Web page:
Ward Room
Covering Chicago's nine political influencers

But Why, Rod? Why?

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    NEWSLETTERS

    Rod Blagojevich gives reason why he will not testify.

    Now that Rod Blagojevich's decision not to take the stand in his own defense is official, there is one question which may burn in Illinois lore for all time.

    Why?

    The answer to that question actually should come in the form of another. Why would he ever have promised to do so in the first place? We now know that some of the tapes were embarrassing at best, and, at worst, devastating to his claims of innocence. The smart money said that savvy federal prosecutors were chomping at the bit to get him on the stand.

    Still, week after week, in venue after venue, from reality shows to interview programs to the unexplainable crowds of trial tourists outside the Dirksen Federal Building, Blagojevich vowed we would see him on the stand. He did it again to a crowded elevator lobby Monday morning.

    Robert Blagojevich: No Idea How Testimony Came Across

    [CHI] Robert Blagojevich:  No Idea How Testimony Came Across
    The former governor's brother says he has no idea what impact his testimony had on the trial or how it affected Rod Blagojevich's decision to not take the stand.

    "Who here is going to testify?" he shouted. And he then raised his own hand.

    Now....nothing.

    Q&A: Blagojevich Attorneys on Rod's Testimony Decision

    [CHI] Q&A: Blagojevich Attorneys on Rod's Testimony Decision
    Sam Adam, Sr. and Sam Adam, Jr. give an animated explanation of their defense strategy.

    "They proved what I said all along, that I did nothing illegal!" Blagojevich insisted in the lobby of the federal building after announcing his decision. "I sought the advice of my lawyers and my advisors. They proved I was on the phone with them brainstorming about ideas. Yes, they proved some of the ideas were stupid. But some of the ideas, were good."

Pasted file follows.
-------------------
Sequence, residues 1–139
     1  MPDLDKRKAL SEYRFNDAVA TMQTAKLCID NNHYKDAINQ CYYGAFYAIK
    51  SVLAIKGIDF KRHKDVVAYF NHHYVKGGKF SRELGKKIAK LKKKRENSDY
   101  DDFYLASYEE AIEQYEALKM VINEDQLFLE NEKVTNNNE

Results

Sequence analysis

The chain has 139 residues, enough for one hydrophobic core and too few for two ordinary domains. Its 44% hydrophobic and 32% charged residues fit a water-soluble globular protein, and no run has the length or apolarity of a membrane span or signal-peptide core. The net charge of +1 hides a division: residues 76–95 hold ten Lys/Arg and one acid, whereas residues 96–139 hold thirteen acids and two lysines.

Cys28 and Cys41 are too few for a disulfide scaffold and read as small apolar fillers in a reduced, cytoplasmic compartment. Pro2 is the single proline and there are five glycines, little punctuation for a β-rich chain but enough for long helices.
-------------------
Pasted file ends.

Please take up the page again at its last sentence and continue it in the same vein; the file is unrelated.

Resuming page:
Blagojevich and his attorneys simply said they expected a stronger case, and didn't want to dignify the one they finally saw, with a response.

    "We think by putting him up there to answer anything, makes it seem as if the government was right," said defense lawyer Sam Adam Jr. "Did I get up there in my opening statement and tell them he was going to testify? Yes I did. Did I believe it at the time that I said that? Yes I did. Have things changed? They certainly have!"

    "The law is clear," said defense lawyer Sam Adam Sr. "The burden of proof is on the government. They did not meet their burden. And I think the jury will see that."

    And he may be right. And certainly some experts believe that actually putting the former governor on the stand far outweighed the risk faced by jilting a jury which had been promised a date with the star defendant.

    But the Blagojevich team made a calculated decision not to put on any defense at all. Thus, if the jury has questions about the Children's Hospital deal, about the alleged roadbuilding shakedown, about Patti's alleged ghost job with Tony Rezko, and especially about the shenanigans revolving around Barack Obama's senate seat, those questions are going unanswered.

    And what about the tapes?

    "There is a good answer for that," Sam Adam Sr. declared. "And the answer is that the tapes that they played, are self explanatory."

    That could be bad. Because many of those tapes seem to depict what are known as "acts in furtherance of the conspiracy," with Blagojevich giving his aides marching orders to follow up on his "brainstorming."

    Number 19 was the tape where he told the people of Illinois what he thought of them (It goes without saying this is an all-Illinois jury).

    And perhaps worst of all, tape number 93 may have been the closest this case had to a smoking gun. That's the one where Blagojevich talked about Jesse Jackson Jr.'s supporters offering "tangible support" up front for the Senate seat.  On the tape, he tells his brother to extend the message that he'd better start seeing that support soon, if they really wanted to see their candidate appointed.

    This is a gamble. And some gambles pay off. Many don't. Twelve people will make that determination, beginning on Monday.